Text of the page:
Retailers have been urged to provide more accurate and balanced information when it comes to food choices or risk public confidence in the UK livestock sector.
Misleading promotional advertising and media messages are resulting in misinformed food choices, the National Sheep Association (NSA) warned.
Recent campaigns include promotional literature from Waitrose, suggesting that customers could reduce their carbon footprint by eating pork rather than lamb.
Meanwhile, Sainsburys is encouraging customers to replace high quality British red meat by consuming lentils instead.
The NSA said the public were being 'bombarded' with messaging about how diets could help combat climate change.
The sheep sector group said there was 'no doubt' that the data being used to substantiate these messages was 'flawed'.
NSA chief executive Phil Stocker said: "It’s not full life cycle, it’s not holistic in its structure, and as the National Food Strategy report points out, the overseas part of the carbon footprint often isn’t taken into account.
"It is completely misleading not to reflect the true picture, we must be considering broader sustainability metrics,” he added.
The organisation is calling on the UK's major supermarkets and retailers to be "clear with their commentary and bring more evidence and reason to the debate".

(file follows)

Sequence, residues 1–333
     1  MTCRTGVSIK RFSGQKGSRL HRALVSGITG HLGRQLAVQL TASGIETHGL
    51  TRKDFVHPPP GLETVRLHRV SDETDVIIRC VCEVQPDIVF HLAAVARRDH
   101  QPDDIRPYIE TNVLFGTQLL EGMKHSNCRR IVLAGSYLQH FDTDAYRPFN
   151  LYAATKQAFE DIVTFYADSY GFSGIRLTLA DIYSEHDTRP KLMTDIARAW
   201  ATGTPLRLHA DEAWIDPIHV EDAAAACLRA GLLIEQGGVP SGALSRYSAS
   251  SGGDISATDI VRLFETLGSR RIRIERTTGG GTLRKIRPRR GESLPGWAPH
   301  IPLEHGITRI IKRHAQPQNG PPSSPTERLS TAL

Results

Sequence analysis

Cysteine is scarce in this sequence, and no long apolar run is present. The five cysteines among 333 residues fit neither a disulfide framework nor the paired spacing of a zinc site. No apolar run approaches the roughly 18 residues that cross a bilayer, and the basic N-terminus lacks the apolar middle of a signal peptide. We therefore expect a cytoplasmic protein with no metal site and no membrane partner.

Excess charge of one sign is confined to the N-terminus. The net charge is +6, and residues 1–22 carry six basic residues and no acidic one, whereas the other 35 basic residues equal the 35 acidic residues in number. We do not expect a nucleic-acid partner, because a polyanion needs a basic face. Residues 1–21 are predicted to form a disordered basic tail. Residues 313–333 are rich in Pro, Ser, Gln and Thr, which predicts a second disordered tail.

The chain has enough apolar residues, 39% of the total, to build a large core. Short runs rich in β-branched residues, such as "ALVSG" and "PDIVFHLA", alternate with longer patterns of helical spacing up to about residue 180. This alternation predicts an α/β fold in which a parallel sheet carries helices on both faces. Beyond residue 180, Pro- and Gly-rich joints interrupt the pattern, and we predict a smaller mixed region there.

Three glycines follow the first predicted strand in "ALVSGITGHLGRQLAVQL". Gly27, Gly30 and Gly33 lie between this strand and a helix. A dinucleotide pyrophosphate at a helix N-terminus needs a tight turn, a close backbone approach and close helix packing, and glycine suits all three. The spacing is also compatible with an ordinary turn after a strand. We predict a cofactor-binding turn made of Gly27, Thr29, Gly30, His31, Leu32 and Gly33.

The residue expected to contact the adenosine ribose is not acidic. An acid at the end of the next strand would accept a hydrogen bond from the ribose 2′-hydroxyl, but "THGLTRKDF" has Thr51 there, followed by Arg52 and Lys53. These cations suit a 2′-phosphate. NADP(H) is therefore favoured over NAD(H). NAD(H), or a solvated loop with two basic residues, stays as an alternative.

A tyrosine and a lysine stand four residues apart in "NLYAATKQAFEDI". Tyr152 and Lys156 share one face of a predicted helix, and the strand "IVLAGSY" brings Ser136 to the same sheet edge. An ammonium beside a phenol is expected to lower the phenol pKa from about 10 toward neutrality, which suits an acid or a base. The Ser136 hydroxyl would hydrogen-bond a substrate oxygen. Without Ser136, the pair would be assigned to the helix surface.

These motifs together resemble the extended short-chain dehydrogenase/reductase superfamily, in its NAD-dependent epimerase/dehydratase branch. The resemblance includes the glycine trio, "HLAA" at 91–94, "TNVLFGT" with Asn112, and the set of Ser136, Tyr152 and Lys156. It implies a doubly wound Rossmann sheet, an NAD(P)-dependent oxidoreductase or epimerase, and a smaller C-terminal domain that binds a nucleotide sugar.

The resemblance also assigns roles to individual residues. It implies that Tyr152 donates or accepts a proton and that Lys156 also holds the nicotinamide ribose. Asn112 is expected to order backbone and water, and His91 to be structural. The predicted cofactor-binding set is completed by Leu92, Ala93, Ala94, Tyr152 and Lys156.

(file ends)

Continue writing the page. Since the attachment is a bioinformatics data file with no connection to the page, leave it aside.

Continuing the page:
Globally, livestock may contribute 14% of all greenhouse gases (GHG), but in the UK, GHG from livestock totals 6%, making it one of the smallest contributors, the NSA points out.
In the UK, transport has the highest emissions at 27%, with energy supply at 21%, business at 17%, the residential sector at 15% and all agricultural sectors at 10%.
The NSA said major retailers could also focus on reducing their food waste, which globally accounts for 10% of GHG, and help to reduce the consumption of processed foods.
Mr Stocker added: “Ensuring food and farming plays its part in climate change through diets and farming practices is right and proper.
"But we absolutely need to make sure that people are making properly informed decisions with more accurate data, and we also need all our industries to play their part.
"Agriculture and food can be part of the solution, but it mustn’t be the scapegoat.”